Holden: "The governor's nervous, sir. Reckons the Grand Vizier Raghib Pasha in Istanbul has it in for him."
Haytham: "I see. And is he right? Does the Grand Vizier have it in for him?"
Holden: "The Grand Vizier called him the 'peasant son of a peasant'."
Haytham: "Sounds like he has got it in for him then."
—Haytham Kenway and Jim Holden discussing As'ad Pasha al-Azm, 1757.[src]

As'ad Pasha al-Azm (1701 – 1758) was the Ottoman governor of Damascus from 1742 to his deposition in 1757.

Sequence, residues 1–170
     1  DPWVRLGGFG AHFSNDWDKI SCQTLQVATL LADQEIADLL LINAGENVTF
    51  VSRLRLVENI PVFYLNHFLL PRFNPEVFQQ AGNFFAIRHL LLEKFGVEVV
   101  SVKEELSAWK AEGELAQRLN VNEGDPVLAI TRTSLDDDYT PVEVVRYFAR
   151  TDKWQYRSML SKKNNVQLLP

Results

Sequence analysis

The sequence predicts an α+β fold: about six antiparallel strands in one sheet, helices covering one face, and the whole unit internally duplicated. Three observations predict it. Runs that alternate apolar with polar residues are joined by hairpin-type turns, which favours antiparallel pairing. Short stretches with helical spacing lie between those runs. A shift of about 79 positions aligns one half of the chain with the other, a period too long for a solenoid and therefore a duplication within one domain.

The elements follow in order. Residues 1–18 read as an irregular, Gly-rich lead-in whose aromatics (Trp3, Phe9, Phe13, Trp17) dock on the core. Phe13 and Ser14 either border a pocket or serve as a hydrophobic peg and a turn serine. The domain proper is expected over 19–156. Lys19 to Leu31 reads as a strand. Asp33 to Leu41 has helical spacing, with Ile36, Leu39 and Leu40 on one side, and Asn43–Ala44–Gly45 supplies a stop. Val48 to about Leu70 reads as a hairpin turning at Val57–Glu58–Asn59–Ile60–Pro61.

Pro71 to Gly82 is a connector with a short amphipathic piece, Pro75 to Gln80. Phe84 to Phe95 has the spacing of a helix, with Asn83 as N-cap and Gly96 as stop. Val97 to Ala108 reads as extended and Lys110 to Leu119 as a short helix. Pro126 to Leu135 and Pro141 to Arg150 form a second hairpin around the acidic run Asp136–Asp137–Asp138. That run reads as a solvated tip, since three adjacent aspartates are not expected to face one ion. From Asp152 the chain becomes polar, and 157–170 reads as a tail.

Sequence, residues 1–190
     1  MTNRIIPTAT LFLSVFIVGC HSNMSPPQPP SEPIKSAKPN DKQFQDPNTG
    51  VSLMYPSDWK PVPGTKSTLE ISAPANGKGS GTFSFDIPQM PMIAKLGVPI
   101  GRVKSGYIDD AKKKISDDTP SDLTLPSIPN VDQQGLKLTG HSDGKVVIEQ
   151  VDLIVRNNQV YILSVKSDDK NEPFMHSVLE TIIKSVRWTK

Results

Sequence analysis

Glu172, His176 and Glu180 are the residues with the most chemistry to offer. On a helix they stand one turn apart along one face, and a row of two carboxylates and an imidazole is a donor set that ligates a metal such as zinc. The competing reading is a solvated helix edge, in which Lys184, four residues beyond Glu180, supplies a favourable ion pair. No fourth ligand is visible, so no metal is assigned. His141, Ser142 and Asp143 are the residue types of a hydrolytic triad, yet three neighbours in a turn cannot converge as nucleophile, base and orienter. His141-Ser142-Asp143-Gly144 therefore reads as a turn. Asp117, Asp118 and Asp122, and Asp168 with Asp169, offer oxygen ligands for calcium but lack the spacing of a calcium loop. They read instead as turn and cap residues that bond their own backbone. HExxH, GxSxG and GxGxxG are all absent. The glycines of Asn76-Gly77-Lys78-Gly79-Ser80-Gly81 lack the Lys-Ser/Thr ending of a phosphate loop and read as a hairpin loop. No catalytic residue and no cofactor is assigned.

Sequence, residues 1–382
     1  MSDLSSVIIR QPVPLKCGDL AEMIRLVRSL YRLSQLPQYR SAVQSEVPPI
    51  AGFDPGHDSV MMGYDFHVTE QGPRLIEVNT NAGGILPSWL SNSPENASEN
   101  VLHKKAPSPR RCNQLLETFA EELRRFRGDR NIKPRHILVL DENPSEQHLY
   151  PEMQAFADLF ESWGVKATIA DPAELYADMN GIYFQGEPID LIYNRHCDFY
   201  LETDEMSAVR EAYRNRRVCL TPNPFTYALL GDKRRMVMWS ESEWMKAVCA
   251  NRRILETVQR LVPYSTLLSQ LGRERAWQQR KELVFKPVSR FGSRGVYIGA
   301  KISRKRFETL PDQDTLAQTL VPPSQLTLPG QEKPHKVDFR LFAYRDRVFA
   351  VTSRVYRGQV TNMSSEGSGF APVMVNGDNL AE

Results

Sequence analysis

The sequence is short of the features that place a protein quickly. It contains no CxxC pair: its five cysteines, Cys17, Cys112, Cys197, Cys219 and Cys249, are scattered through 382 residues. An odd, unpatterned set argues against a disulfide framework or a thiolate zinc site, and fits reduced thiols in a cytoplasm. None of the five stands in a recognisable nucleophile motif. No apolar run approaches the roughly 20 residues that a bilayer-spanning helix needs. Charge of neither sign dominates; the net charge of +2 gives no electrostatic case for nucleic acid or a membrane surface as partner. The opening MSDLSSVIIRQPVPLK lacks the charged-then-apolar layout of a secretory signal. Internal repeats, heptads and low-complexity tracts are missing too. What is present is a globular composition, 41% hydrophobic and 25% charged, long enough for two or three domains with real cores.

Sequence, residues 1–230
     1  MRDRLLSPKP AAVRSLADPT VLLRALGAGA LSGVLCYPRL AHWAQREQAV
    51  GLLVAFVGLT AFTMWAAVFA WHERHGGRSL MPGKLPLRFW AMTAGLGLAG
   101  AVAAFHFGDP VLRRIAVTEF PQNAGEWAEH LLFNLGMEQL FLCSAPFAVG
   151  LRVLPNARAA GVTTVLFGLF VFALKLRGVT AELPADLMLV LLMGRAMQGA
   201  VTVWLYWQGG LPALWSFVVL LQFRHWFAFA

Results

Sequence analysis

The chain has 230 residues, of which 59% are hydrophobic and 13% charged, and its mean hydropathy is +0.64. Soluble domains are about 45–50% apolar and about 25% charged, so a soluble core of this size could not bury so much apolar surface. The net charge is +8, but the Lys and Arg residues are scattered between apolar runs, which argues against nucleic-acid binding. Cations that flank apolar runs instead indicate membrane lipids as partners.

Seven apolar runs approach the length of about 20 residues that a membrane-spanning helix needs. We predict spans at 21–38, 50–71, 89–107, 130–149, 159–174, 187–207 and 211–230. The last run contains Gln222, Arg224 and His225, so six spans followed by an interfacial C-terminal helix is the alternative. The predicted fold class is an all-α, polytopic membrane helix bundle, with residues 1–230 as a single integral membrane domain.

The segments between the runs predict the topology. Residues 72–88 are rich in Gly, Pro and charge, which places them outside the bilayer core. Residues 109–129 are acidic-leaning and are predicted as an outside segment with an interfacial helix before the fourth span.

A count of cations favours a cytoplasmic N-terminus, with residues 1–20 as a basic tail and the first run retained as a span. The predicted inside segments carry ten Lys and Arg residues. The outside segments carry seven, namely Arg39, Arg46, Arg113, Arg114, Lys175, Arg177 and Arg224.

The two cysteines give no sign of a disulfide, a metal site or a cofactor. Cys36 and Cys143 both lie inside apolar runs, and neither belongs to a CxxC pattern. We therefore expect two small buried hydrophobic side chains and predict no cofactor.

During his tenure, al-Azm built a large palace called the Qasr al-Azm. In 1757, the Ottoman Grand Vizier Raghib Pasha planned to depose al-Azm, calling him the "peasant son of a peasant". As a result, the unpopular al-Azm grew increasingly paranoid, strengthening security around Damascus and especially the palace. He also began to execute people suspected of being spies plotting against him.

In September of that year, the Templar Haytham Kenway and his assistant Jim Holden travelled to Damascus, intending to rescue the former's sister Jenny, who was a servant for al-Azm. Although they were successful, Holden was captured in the process and was made a eunuch. Eventually, al-Azm himself was captured and executed under Raghib Pasha's orders.